The purpose of Rule 20 is to promote trial convenience and expedite the final resolution of disputes, thereby preventing multiple lawsuits, extra expense to the parties, and loss of time to the court as well as the litigants appearing before it. Anderson v. Frances I. DuPont & Co., 291 F. Supp. 705, 711 (D. Minn. 1968). The determination of a motion to sever is within the discretion of the trial court. In re Nat'l Student Marketing Litig., 1981 WL 1617, at *10 (D.D.C. 1981) (Parker, J.); Bolling v. Mississippi Paper Co., 86 F.R.D. 6, 7 (N.D. Miss. 1979).

There are two prerequisites for joinder under Rule 20(a): (1) a right to relief must be asserted by, or against, each plaintiff or defendant relating to or arising out of the same transaction or occurrence or series of transactions or occurrences, and (2) a question of law or fact common to all of the parties must arise in the action. Mosley v. Gen. Motors Corp., 497 F.2d 1330, 1333 (8th Cir. 1974). "In ascertaining whether a particular factual situation constitutes a single transaction or occurrence for purposes of Rule 20, a case by case approach is generally pursued." Id.

Additionally, "the court should consider whether an order under Rule 21 would prejudice any party, or would result in undue delay." Id.; see also Brereton, 116 F.R.D. at 163 (stating that Rule 21 must be read in conjunction with Rule 42(b), which allows the court to sever claims in order to avoid prejudice to any party). The court may also consider whether severance will result in less jury confusion. Henderson v. AT&T Corp., 918 F. Supp. 1059, 1063 (S.D. Tex. 1996) (directing in part that the claims of former employees from separate offices, which alleged various combinations of race, age, and national origin discrimination be severed because the claims were "highly individualized" and would be "extraordinarily confusing for the jury"); but see In re Vitamins Antitrust Litig., 2000 U.S. Dist. LEXIS 7397, at *75-76 (stating that courts "consistently deny motions to sever where [the] plaintiffs allege that [the] defendants have engaged in a common scheme or pattern of behavior" (citing Brereton, 116 F.R.D. at 164)).

C. The Court Grants the Plaintiffs' Motion to Amend the Complaint

The plaintiffs ask this court for leave to file their second amended complaint in order "to address deficiencies found by the [c]court and to avail themselves of favorable intervening precedent," referring to the D.C. Circuit's decision in Jacobs v. Schiffer, 204 F.3d 261 (D.C. Cir. 2000). *fn4 Pls.' Mot. at 2, 5. The plaintiffs state that the D.C. Circuit's decision in Jacobs supports the plaintiffs' claim that the defendants have violated the plaintiffs' First Amendment rights by not allowing the plaintiffs to disclose to their attorneys government documents that are available to the plaintiffs. *fn5 Jacobs, 204 F.3d at 261; Pls.' Mot. at 5. Additionally, the plaintiffs seek to "address subsequent arguments raised by [the] [d]efendants in their [m]otion for [r]econsideration filed on April 20, 2001, and to add additional claims and [p]laintiffs, all related through [the] [d]efendants' pattern and practice of obstruction of counsel." Pls.' Mot. at 2. Also, the plaintiffs seek to expand their allegations of the defendants' violations of their right to effective assistance of counsel under the First Amendment to a "wide range of wrongful conduct," as compared to the "plaintiffs' initial allegations that the defendants merely refused to provide access to government documents." Id. at 5.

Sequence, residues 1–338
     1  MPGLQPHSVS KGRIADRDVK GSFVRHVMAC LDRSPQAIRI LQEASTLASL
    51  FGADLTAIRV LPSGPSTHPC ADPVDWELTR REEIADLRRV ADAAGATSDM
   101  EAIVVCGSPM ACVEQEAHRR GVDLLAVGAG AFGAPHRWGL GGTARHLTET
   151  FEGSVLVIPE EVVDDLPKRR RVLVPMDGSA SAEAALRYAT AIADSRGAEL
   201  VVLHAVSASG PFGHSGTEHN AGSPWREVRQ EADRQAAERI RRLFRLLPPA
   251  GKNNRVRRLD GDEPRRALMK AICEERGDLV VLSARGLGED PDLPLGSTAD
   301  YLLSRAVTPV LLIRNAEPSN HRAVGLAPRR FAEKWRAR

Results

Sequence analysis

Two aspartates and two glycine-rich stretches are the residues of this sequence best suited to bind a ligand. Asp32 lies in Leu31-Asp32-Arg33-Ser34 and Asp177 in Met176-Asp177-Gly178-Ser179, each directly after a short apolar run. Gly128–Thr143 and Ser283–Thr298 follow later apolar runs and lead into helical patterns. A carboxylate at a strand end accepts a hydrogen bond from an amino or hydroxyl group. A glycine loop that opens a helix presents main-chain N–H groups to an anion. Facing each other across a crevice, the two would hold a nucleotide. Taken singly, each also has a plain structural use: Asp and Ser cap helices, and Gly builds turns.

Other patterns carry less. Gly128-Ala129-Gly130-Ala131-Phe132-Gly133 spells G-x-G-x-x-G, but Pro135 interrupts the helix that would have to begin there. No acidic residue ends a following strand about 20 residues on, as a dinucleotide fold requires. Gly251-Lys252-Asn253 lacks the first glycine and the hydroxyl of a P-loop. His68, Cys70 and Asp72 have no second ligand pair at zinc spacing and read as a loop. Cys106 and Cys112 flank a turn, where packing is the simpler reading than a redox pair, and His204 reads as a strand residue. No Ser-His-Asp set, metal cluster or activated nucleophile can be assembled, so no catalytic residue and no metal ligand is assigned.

The defendants challenge the plaintiffs' proposed amendment asserting that the plaintiffs' "factually diverse" claims are unrelated to each other. Defs.' Opp'n at 1-2. Specifically, the defendants argue that "neither the existing six plaintiffs nor the proposed nine plaintiffs have alleged claims factually in common with one another." Id. According to the defendants, the "wide range of wrongful conduct" that the plaintiffs allege in their proposed second amended complaint arises out of "unique sets of facts and circumstances, involving completely different types of [a]gency actions, proceedings or personnel matters, such as employment terminations, revocations of security clearances, forced resignations, disciplinary proceedings, failure to obtain promotions . . . and retaliation." Id. The plaintiffs' proposed second amended complaint, however, cites to numerous obstruction-of-counsel situations, including denying counsel access to requested CIA policies, procedures, and documents upon request. 2d Am. Compl. ¶¶ 24-27, 36-37, 64. Additionally, the plaintiffs allege that when they requested the presence of counsel, the defendants failed to accommodate that request and attempted to restrict the plaintiffs' access to counsel. Id. ¶¶ 59, 62, 65.

The defendants counter that they would suffer "undue prejudice" if the court grants the plaintiffs' motion to amend. Defs.' Opp'n at 6 (citing Atchinson v. District of Columbia, 73 F.3d facts in the light most favorable to the plaintiffs. Ricciuti v. N.Y.C. Transit Authority, 941 F.2d 119, 123 (2d Cir. 1991) (quoting Conley v. Gibson, 355 U.S. 41, 45-46 (1957) (stating that a court should grant leave to amend whenever there are facts that state a valid legal claim and thereby support amendment)). In conjunction with the Pickering and Martin line of precedent, it is conceivable that the plaintiffs' amendment is not futile because it contains "facts [that] support relief." Id. at 123; Martin I, 686 F.2d at 26; Martin II, 740 F.2d at 36. 418, 425 (D.C. Cir. 1996) (quoting Foman, 371 U.S. at 182)).